Although, in general, Life Cycle Costing and Life Cycle Assessment (i.e. LCC and LCA) are the most widely used and comprehensive methodologies for estimating the impact of interventions of retrofitting, they require very detailed data that are not always easily available.

The Economics Of Energy Retrofitting In Marseille: Calculating Roi

Also, for this reason, researchers have studied new methodologies capable of evaluating the environmental efficiency of a process, taking emissions as unwanted (or bad) outputs of a production process [4]. A pivotal work is from [5] that modifies the standard limitations of the Data Envelopment Analysis (ie, DEA) approach, proposing a hyperbolic efficiency measure able to consider even unwanted outputs. Starting from this application, many researchers have tried different DEA models with the aim of also considering the bad production outputs. For example, references [6, 7, 8] apply stochastic boundaries with bad outputs, but the most effective model to consider environmental emissions recognized by the literature is the Directional Distance Function (ie, DDF). Indeed, one of the main strengths of this methodology (DDF) is the possibility of modifying the direction of the search vector, without modifying its technological definition [9, 10]. Moreover, another benefit of the DDF is the possibility to establish the linear program without assuming a specific form of technological function (that is, the property of additivity [11]).

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Starting from the late 1990s, an increasing number of researchers began to apply the DDF methodology in various polluting industries [11, 12, 13]. However, considering the advantages of this technique, in more recent years, many studies have considered applying the DDF in many other fields [14, 15, 16, 17, 18].

In summary, to estimate the impact of retrofitting interventions, the most appropriate methodologies are Life Cycle Costing and Life Cycle Assessment [19, 20, 21], but the difficulty in the availability of data, especially for LCA, has stimulated researchers to find more effective solutions in proposing hybrid methodologies.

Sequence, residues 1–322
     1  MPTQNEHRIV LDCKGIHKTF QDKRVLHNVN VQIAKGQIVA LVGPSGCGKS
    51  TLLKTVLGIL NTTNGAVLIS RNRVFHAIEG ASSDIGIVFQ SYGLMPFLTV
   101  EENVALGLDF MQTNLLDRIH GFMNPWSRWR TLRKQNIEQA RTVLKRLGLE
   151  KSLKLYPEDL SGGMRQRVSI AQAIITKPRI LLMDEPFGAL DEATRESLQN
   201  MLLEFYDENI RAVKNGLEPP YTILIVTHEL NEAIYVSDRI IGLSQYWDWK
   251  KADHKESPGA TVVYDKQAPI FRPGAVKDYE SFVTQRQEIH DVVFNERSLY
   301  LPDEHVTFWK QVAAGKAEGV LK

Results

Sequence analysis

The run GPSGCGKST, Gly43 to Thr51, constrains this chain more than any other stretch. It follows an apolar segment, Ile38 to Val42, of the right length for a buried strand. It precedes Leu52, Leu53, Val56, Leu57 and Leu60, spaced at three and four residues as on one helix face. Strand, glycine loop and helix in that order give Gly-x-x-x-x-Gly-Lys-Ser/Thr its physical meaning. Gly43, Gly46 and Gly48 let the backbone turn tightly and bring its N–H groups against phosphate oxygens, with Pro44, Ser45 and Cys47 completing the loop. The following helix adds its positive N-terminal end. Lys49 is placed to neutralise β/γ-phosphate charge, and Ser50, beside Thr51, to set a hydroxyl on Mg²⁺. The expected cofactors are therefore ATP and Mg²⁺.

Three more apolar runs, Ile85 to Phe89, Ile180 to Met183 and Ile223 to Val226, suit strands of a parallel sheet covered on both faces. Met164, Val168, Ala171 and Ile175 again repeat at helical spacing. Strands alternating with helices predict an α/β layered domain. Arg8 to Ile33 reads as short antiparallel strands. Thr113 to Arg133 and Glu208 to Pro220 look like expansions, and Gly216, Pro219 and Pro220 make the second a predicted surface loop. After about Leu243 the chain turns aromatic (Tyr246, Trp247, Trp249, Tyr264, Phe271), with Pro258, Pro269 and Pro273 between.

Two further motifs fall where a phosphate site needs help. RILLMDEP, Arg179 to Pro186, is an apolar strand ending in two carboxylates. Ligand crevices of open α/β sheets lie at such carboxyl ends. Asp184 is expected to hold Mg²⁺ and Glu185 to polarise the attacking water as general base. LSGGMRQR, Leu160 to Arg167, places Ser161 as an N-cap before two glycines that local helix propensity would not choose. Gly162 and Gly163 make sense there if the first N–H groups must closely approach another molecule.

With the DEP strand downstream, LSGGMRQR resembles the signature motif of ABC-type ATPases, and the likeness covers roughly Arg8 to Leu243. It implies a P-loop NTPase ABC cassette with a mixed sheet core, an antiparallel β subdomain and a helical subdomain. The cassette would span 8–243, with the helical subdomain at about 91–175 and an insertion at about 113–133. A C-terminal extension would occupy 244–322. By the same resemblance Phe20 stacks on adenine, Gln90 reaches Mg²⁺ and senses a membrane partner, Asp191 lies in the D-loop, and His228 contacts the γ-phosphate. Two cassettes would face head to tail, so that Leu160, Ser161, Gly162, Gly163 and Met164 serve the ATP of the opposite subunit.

Until now, to our knowledge, the literature did not present the application of non-parametric methodologies, such as the Directional Distance Function, to the estimation of retrofitting interventions. Recent studies, for example [22, 23], analyze the possibility of using the directional distance or data envelopment analysis combined with other methodologies to evaluate the power plant with non-standard models.

As suggested by [23], the present is a methodological document that aims to propose a simple combined methodology to classify the retrofitting solution considering a multidimensional vision. The proposed methodology aims to cover this lack by proposing a synthetic score combined with a key-variables to guide the decision-making process in the field of retrofitting. Indeed, the scores obtained through the Directional Distance Function, and more generally, Data Envelopment Analysis, are recognized as composite indicators, and are applied in many fields [24, 25, 26].

The Blooming Economy Of Home Energy Retrofits Means New Technology, New Jobs, Cleaner World

In the present work, we propose a hybrid methodology with the aim of considering the ACV as an input for the DDF model and the